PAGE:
This Weed Takes Out Other Plants by Attacking Their "Gut Bacteria"

By Esther Inglis-Arkell on at

You need bacteria to help you digest your food and go about your day. It turns out that plants have their own version of this. And one weed is driving out the competition by attacking the gut bacteria of other species.

Without bacteria, we’d need a great deal more food to get by. Although humans have enzymes that help them break down food, everything from fibre to sugar gets partially digested for us by bacteria, which give us more nutrition while making us expend less energy for each meal. We’re coming to understand that a lot of other creatures need their own microbial helpers—including trees.

In the case of trees, arbuscular mycorrhizal fungi, or AMF, do a lot of digesting for them. These fungi attach themselves to a tree’s root system and absorb water and nutrients from the soil before passing them along. They’re especially important for growing saplings.

They’re not that important for slender, grassy, fast-growing plants, which is why one plant in particular is terrorizing woodlands. Alliaria petiolata, or garlic mustard, is a European plant that is running roughshod over the Americas, and for awhile, no one could figure out why. It didn’t seem to be sucking nutrients out of the soil. It wasn’t poisonous to animals or other plants. It didn’t deter pollinators.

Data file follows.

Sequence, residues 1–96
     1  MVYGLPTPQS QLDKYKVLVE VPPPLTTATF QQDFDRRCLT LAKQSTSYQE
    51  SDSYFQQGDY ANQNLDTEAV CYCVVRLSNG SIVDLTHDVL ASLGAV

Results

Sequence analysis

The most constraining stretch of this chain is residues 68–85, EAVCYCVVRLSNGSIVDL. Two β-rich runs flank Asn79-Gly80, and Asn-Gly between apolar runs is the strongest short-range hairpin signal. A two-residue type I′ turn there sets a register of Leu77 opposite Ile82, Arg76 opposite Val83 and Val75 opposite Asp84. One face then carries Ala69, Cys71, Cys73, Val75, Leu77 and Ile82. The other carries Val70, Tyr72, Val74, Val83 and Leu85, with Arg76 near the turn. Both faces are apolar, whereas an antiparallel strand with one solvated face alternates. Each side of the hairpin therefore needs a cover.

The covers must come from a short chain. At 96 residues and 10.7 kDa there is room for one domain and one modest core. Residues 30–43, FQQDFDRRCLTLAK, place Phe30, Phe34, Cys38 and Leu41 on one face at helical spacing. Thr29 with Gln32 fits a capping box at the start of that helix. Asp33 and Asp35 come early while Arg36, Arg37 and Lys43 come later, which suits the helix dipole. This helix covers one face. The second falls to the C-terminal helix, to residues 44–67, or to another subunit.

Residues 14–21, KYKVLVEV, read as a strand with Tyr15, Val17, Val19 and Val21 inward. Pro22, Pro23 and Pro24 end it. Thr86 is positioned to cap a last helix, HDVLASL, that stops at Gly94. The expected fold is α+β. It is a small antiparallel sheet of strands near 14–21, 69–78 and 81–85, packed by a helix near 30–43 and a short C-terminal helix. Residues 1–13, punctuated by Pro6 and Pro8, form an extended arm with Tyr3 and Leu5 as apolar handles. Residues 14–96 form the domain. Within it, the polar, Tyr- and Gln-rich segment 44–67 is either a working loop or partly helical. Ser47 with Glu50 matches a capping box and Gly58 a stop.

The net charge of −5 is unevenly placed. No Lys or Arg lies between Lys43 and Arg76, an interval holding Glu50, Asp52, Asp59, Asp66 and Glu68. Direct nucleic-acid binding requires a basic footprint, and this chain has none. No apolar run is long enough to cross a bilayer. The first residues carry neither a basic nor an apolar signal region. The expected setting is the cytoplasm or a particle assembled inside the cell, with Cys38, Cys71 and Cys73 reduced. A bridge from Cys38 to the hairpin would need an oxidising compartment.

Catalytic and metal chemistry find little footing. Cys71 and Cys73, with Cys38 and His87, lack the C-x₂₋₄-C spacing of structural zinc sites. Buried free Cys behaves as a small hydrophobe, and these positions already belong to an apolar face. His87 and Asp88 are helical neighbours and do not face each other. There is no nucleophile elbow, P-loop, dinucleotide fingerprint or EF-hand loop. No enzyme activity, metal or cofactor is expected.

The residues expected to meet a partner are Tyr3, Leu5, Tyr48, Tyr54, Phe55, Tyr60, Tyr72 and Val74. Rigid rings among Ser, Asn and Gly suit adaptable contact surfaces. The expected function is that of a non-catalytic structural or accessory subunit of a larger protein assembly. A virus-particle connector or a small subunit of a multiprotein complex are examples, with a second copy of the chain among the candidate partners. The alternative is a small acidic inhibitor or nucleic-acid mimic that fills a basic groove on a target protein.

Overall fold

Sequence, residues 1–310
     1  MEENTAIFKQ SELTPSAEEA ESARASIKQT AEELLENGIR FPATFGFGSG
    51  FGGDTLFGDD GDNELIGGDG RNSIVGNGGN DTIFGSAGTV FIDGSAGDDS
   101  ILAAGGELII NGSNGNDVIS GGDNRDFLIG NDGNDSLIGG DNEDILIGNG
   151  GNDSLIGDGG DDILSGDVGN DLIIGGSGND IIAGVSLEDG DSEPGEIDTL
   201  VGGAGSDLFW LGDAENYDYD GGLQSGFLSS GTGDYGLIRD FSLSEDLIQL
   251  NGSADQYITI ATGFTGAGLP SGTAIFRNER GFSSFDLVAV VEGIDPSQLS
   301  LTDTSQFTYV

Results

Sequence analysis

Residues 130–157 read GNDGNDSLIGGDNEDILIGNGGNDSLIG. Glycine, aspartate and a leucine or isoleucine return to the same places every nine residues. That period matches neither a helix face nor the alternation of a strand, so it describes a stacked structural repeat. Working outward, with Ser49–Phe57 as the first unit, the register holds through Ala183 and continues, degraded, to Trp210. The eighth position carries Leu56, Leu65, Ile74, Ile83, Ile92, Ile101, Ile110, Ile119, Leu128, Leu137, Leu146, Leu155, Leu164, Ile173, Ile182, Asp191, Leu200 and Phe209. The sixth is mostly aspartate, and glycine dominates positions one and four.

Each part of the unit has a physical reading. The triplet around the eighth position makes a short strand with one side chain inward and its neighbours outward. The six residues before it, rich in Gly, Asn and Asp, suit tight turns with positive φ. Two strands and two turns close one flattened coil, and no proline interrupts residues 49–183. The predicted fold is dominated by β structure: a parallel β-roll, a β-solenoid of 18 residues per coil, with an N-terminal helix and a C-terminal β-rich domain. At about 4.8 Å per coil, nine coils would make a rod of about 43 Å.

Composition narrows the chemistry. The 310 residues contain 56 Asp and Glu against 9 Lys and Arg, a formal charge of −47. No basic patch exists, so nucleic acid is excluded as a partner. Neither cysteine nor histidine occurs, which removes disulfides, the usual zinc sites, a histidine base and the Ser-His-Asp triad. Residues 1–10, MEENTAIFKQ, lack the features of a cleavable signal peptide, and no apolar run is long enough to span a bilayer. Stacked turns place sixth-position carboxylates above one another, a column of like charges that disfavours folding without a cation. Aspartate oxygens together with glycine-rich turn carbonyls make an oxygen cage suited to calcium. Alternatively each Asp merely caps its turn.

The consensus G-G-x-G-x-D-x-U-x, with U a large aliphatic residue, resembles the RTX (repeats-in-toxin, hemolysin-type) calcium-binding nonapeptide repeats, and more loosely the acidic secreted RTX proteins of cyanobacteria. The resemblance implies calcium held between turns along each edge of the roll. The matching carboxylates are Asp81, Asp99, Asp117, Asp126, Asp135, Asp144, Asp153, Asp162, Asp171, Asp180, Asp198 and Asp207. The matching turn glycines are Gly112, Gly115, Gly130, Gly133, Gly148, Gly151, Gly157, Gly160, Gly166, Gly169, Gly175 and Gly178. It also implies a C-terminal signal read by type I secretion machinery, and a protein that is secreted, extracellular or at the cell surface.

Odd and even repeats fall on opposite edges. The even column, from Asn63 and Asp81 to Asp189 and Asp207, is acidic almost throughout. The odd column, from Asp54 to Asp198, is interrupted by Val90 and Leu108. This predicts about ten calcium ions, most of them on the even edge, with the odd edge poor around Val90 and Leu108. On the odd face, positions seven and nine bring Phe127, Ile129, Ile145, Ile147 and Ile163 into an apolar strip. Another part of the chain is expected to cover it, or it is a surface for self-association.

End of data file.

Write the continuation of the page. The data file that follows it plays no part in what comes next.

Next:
Then, in 2006, a group of researchers looked under the soil and noticed that any soil that was populated by garlic mustard was not populated with AMF. This happened even when extract of garlic mustard was put into the soil. When AMF levels in the soil dropped, big woody trees struggled, especially if they were young and still growing.

The researchers speculated that the relationship between the fungus and the mustard could be one of mutual antagonism. The fungus prevents the mustard from moving in, but when it’s disrupted—if the earth is turned up or if it is sprayed with a fungicide—garlic mustard has a chance to move in and wipe out all the fungi. Once the fungi have moved out, trees have to struggle to get any nutrition from the soil, and so the mustard slowly and steadily clears a place for itself.

[Source: Invasive Plant Suppresses the Growth of Native Tree Seedlings by Disrupting Belowground Mutualisms]

Top Image, Cross-Section of Mustard: Micropix